Many persons lost their lives for translating, printing, and selling copies of the Bible during the period of the Protestant Reformation. The Martyrologies of Ludwig Rabus (German), Jean Crespin (French), John Foxe (English), and Thielemann van Bracht (Dutch) all spoke of numerous individuals arrested, tried, and killed for owning or selling Bibles. Each language group and denominational inclination had its own stories and its own approved sets of martyrs—of which there were many!
Not long ago, I began considering the translation and publication of Bibles as a type of earthly chess game—perhaps akin to gaming with divinely-revealed truth.
In Deuteronomy 17:18 God commanded the newly crowned King of Israel to make for himself a copy of the scroll “from before the priests, the Levites.” Later in Deuteronomy 31:24-26 we find Moses depositing the original manuscript of Deuteronomy to the care of the Levites to be placed beside the ark of the covenant of the Lord. Certainly, God was aware of the corruption of manuscripts, as was Moses. So He made provision for the books of the Bible to be kept in pure form.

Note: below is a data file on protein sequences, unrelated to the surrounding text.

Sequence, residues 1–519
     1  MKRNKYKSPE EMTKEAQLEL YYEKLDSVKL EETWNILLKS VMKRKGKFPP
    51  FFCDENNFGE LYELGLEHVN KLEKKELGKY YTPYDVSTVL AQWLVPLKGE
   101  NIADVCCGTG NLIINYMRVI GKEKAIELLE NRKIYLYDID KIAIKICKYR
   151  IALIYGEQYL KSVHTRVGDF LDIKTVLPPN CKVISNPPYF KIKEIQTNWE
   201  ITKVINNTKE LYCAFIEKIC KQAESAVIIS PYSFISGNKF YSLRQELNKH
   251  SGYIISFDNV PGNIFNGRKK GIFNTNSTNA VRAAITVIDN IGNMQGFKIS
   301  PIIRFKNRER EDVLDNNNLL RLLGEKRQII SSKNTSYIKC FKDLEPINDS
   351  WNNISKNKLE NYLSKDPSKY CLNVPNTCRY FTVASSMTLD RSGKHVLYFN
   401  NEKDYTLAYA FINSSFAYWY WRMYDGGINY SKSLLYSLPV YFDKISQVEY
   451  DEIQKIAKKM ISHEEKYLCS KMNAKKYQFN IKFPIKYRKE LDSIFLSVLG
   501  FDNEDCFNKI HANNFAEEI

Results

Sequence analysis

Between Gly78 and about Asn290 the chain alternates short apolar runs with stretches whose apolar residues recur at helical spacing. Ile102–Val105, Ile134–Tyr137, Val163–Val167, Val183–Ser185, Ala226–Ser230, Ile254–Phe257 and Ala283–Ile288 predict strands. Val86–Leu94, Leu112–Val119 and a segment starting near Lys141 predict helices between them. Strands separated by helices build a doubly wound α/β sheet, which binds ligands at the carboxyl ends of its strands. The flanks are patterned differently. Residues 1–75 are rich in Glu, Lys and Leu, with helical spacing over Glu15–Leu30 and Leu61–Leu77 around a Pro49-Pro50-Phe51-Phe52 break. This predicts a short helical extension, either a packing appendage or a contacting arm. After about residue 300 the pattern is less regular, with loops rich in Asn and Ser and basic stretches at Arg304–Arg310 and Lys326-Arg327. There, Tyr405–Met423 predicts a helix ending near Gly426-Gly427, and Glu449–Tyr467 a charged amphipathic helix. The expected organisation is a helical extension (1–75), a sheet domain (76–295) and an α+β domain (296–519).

We have two miracles here: (1) the miracle of inspiration—that God would actually “empty Himself” to communicate into any human language; and (2) the miracle of preservation—that through competing churches, numerous manuscripts, and varying language translations, God would sovereignly maintain the purity of His inspired words.
“The words of the LORD are pure words, Like silver tried in a furnace of earth, Purified seven times. You shall keep them, O LORD, You shall preserve them from this generation forever” (Psalm 12:6-7)
So, many manuscripts are not a bane, but a blessing. Many languages are not a bane, but a blessing. Many churches are not a bane, but a blessing. Consider the Chaldean church now being displaced and massacred in Iraq. Their Scriptures are in Syriac. They are an ancient church quite unrelated to our Western Church history. The existence of the Bible in their language and in their archives is a great blessing to worldwide Christianity.
But in the powerful Western Church there has a series of phases that have taken place over the last 200 years. In this blog I would like to analyze what these moves appear to have been, and leave the implications of these moves to the mind and thought of the esteemed reader.